This came out of the Towanda Business Review; dated 1881
That's a different Smith from the one Alane mentioned.
Nonetheless, there are some valuable clues to help us construct the African American community in Towanda.

Can this shed some light on my JETERs?
Old Landmark In Towanda Disappears

Folks, are you able to read this without me transcribing it?
If not, I'll do it.
This newspaper article, dated 16 Dec 1949, called the Black community of Towanda 'the Negro colony'.

Keep the conversation going!

"Guided by the Ancestors"
I can read it fairly well. Kind of sad to read about it being torn down! :(
And that was 1949.
Hi Angela,

By the time I made my 1st and only visit to Towanda, in the early 1980's, I don't think there were any Blacks living there.
Hi George,

I am enjoying this discussion on your JETER research. Like you I research an area (in VA), that at one time had a small black community, but when I visited in the late 1990's they were all gone. Many to escape discrimination and to the larger city (and out of state) for jobs and better opportunities. I found it interesting that in one article posted about Towanda, the author writes "there was never much of a colored population" (however enough to start a church in 1847)..then the other article talks about the "Negro Colony", which implies a larger community.

Looks like your research is taking you to my favorite "stomping ground" Virginia..JETER is a surname that I have seen in numerous records, but at this is just a surname like any other. Like the others that have posted I think you will have to find more about your families life there in Towanda.
If in fact this family does come to PA from VA during the 1865 to 1870 time (along with the other VA born individuals in that community) then some of the records contained in VA FB RG 105 that have just been indexed and digitized might provide you with some information.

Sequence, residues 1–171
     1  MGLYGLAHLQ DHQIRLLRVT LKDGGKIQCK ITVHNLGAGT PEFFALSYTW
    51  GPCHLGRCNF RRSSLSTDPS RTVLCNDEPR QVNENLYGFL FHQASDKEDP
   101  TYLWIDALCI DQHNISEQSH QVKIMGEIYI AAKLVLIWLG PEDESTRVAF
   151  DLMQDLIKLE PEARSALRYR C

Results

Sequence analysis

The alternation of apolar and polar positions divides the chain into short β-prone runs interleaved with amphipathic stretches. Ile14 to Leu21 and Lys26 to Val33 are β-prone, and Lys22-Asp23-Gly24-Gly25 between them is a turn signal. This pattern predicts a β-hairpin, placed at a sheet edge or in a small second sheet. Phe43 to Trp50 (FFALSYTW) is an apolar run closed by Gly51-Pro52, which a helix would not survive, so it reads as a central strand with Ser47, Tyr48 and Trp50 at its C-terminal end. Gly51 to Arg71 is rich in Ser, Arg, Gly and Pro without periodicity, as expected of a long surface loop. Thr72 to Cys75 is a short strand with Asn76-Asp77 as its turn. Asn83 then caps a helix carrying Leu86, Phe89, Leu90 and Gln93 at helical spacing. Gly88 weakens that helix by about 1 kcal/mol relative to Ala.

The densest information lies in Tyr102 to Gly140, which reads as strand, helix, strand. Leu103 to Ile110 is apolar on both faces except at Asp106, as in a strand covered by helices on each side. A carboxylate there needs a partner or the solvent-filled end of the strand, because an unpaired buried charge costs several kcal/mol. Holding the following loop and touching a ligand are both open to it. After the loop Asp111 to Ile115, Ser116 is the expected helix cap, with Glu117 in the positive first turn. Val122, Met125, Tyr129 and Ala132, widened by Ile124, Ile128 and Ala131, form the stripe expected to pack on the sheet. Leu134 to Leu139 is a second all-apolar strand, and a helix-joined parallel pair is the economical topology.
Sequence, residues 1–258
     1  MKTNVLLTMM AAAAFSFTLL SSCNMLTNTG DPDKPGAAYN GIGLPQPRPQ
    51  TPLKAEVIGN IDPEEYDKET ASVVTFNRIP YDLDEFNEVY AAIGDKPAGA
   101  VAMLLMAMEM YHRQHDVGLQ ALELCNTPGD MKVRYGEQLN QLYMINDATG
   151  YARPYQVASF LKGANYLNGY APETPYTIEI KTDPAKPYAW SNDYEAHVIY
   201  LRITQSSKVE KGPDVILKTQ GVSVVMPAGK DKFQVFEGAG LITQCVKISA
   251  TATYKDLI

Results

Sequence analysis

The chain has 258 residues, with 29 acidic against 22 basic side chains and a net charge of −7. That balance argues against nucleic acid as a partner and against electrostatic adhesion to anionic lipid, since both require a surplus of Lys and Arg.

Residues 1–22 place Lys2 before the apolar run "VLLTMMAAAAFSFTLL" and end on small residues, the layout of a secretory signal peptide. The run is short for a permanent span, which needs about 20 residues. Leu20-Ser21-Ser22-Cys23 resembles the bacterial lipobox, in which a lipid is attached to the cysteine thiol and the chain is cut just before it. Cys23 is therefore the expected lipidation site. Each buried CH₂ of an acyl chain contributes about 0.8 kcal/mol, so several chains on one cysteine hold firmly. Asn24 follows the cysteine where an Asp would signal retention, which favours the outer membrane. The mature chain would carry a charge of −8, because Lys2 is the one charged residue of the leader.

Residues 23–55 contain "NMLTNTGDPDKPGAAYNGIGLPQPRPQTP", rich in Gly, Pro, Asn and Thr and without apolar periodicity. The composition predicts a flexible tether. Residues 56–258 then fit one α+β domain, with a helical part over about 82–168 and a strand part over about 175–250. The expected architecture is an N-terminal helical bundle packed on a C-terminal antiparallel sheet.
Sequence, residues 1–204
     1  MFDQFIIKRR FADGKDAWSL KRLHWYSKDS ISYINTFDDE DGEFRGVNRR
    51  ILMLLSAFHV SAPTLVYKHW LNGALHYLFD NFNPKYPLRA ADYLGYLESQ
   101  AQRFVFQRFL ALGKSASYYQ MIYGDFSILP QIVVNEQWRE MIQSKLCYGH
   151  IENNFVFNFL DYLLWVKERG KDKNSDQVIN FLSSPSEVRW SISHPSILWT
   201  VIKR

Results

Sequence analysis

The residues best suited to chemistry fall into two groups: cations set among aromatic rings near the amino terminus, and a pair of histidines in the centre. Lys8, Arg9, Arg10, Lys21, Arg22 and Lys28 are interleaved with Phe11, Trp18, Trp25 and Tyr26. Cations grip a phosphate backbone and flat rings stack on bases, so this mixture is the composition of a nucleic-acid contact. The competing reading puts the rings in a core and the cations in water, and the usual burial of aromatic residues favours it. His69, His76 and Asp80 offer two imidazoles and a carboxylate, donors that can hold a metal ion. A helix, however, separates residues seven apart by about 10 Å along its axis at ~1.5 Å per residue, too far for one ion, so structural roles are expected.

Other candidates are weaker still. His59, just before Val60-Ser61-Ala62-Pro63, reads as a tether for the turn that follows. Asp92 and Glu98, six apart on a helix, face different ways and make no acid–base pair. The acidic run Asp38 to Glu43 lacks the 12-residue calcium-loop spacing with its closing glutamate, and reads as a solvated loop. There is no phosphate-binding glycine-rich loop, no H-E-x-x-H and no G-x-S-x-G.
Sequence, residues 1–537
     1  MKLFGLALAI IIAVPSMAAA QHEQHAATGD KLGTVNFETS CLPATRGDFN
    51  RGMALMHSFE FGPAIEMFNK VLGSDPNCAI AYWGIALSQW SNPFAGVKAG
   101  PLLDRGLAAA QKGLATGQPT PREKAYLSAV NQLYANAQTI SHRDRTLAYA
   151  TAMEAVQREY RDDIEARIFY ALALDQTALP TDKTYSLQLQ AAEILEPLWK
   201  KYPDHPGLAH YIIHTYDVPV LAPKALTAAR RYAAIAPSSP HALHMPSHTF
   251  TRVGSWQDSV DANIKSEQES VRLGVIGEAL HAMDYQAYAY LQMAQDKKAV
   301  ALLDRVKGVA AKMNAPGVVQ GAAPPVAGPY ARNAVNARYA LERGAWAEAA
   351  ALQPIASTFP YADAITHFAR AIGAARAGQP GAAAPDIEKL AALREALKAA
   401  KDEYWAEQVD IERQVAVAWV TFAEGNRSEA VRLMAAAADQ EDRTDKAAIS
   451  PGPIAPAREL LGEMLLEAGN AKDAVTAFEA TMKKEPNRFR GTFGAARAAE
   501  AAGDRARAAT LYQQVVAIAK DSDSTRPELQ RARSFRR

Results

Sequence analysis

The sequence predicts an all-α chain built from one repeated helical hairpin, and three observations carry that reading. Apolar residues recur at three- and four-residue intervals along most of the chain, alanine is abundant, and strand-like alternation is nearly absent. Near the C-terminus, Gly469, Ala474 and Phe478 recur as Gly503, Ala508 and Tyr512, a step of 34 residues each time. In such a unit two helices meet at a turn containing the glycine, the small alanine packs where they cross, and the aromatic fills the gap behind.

I am LOVING this!!! I hope this idea spreads to us all..I hope we can take all turns contributing our own brick walls and strategies.

Here is my shot at what you've put up thus far: try the Methodist Archives located at Drew University:
They've got many of the Methodist church records. My Waters ancestors on the Eastern Shore of Maryland were Methodist ministers in the late 1800s (they had a separate Colored Conference) and I found almost every year of their service, every church assignment, obituaries and all manner of interesting little details. I'm thinking you can find this Rev Jackson's obit & hopefully it will tell us a city/county in Virginia as a lead. Also, see what you can glean about the church itself.

After that, I would try to trace some of the neighbors from VA forward in time to vital records (death & marriage), in the hopes of finding a city or county in Virginia on those documents. My approach would be to attempt to locate a prospective county first as opposed to searching for the Jeter surname in VA. I have a similar problem with my ancestor John Smith (yes you read that right) in Florida who came from Georgia, but I don't know what county. I dont know if you've searched deeds yet, but you may luck up and get a city/county of origin from those--again not just for your Jeters, but looking at deeds for some of the African American neighbors who list VA on the census.

You don't mention it, but I suppose you have thought of trying to research your JETER ancestry through Y-DNA. I checked on the FamilyTreeDNA web site, and there is a JETER project with 7 names. Are you one of them?

Regards and best wishes, Brett